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BMW shape the fabric of future car design

The BMW GINA Light Visionary Model is a concept car with a difference; instead of a skin of steel, it’s covered in a sheath of cloth. And if my thinking is right, I may have fabricated an idea that could help their car go the distance…

The BMW GINA Light Visionary Model is a concept car with a difference; instead of a skin of steel, it’s covered in a sheath of cloth. And if my thinking is right, I may have fabricated an idea that could help their car go the distance…

BMW GINA Light Visionary Model

As it stands, any car covered in cloth is unlikely to be given the green light by any road agency in either Europe or the US. So for now, the BMW GINA is purely conceptual. But what if there was a way to keep the cloth?

What do you get when you cross a BMW GINA Light Visionary Model concept car with a bullet-proof vest?

Seriously, this is no joke. DSM is a Netherlands-based materials’ specialist, who — among other things — has developed a material they call Dyneema SB61, which is a material that boasts some remarkable properties:

“Weight for weight, it is 15 times stronger than steel and 40 per cent stronger than that other staple of the bulletproof vest, Kevlar. American Body Armor of Los Angeles is using the new fibre to make flexible, concealable vests just 5 millimetres thick for US police forces.”

Now, what if BMW were to skin their GINA Light Visionary Model concept car in Dyneema SB61 bullet-proof fabric? The possibilities would truly amazing.

Arguably the greatest benefit would be the huge reduction in weight, which would have an enormous impact on fuel economy. And as related environmental benefit, I’m guessing it’s far less resource intensive to mass produce a polythene fabric than pressed steel panels.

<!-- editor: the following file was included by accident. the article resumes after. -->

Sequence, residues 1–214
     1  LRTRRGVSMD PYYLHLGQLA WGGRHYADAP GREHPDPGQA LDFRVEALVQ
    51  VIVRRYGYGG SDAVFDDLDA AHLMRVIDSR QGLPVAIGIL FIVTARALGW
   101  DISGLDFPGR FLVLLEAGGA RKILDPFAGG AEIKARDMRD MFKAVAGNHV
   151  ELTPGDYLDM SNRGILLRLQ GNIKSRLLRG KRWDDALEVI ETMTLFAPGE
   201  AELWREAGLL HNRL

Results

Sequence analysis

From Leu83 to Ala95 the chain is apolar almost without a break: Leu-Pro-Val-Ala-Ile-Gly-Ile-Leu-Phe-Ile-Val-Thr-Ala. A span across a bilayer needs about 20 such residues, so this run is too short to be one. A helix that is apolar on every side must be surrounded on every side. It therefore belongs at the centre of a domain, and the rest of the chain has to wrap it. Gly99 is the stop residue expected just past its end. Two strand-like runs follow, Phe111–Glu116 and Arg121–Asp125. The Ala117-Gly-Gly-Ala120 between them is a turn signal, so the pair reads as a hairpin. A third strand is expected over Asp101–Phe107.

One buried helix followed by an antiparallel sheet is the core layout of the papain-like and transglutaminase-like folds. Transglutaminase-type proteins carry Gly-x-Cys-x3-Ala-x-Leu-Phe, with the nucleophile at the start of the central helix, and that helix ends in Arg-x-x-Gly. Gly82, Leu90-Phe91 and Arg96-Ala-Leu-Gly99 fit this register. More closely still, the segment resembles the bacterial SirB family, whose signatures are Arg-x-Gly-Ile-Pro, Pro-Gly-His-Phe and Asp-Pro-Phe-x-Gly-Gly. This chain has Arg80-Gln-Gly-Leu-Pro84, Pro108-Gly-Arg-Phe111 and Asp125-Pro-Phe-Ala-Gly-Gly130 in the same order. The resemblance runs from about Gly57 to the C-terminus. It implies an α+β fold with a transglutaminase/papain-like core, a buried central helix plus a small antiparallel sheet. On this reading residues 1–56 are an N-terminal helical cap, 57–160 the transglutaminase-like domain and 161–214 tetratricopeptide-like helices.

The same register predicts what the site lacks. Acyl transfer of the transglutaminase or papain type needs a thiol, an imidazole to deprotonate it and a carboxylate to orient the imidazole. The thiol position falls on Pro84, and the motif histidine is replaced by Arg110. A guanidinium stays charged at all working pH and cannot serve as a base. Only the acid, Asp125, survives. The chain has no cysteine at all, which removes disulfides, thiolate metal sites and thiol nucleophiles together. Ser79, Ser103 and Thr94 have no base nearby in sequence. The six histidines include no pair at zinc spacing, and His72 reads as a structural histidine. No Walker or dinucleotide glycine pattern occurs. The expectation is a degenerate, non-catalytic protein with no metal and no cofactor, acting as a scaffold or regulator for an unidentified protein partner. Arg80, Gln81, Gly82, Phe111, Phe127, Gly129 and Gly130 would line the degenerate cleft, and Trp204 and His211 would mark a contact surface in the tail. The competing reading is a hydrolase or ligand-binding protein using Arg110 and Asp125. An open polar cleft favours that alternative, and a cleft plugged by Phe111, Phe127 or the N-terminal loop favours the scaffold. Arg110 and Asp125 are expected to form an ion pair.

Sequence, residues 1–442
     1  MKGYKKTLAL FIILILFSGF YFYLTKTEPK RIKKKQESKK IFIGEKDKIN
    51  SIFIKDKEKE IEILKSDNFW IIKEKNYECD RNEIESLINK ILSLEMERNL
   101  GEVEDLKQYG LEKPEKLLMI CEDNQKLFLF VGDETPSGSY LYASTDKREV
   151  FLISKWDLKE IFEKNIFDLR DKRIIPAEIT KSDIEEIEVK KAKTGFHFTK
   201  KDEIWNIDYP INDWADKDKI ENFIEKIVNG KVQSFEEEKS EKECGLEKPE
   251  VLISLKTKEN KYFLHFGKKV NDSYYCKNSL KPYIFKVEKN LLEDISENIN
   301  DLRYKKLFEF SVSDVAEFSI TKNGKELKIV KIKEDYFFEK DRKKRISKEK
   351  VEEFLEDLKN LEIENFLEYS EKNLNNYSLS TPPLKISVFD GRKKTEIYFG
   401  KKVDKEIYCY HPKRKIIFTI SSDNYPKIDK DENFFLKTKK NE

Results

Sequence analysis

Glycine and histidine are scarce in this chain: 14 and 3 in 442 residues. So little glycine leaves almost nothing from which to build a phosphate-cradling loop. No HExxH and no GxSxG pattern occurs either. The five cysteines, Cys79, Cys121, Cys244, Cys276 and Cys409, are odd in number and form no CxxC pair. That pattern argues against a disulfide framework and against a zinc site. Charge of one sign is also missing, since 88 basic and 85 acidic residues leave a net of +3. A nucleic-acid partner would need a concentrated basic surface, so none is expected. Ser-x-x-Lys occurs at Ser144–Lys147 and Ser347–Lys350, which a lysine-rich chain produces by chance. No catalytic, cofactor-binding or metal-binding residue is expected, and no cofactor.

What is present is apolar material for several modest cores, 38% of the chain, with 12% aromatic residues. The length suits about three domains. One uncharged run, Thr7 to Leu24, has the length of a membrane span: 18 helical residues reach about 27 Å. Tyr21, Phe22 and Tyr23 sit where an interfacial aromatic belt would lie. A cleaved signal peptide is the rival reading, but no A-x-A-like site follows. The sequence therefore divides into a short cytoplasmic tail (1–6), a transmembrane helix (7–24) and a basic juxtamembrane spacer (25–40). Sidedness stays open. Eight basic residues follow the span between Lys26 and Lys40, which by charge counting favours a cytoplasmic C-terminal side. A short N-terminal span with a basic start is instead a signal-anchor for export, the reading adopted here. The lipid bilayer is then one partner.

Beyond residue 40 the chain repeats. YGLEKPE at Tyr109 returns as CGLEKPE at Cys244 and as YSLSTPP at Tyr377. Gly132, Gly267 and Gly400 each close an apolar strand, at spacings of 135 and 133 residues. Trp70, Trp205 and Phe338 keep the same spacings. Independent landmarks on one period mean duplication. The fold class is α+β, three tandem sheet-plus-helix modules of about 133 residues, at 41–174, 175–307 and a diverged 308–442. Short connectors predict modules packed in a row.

Maybe the clever people at DSM could figure out a way to make the fabric recyclable? Assuming it isn’t already.

By using the Dyneema SB61 material, there’s a good chance of few compromises in driver safety — collisions would possibly be as safe as their steel-clad counterparts. With the peripheral advantage being that replacement material may well be much cheeper than steel panels.

Gives a whole new meaning to soft-top car, eh?

Another possibility would be the ability to change shape depending on speed, assuming the material is suitable for high-speed usage. So as the car accelerates, its profile becomes more aerodynamic.

Anyway, since this is my idea, I’ll let the engineers figure out how they’d make that work. Like my college tutor used to tell me, I’m only a designer…

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By Wayne Smallman

Wayne is the man behind the Blah, Blah! Technology website, and the creator of the Under Cloud, a digital research assistant for journalists and academics.

3 replies on “BMW shape the fabric of future car design”

I remember seeing this mentioned on Top Gear, I’m really not sure about this, I personally don’t like the look of it at this initial stage, even though the material sounds interesting.

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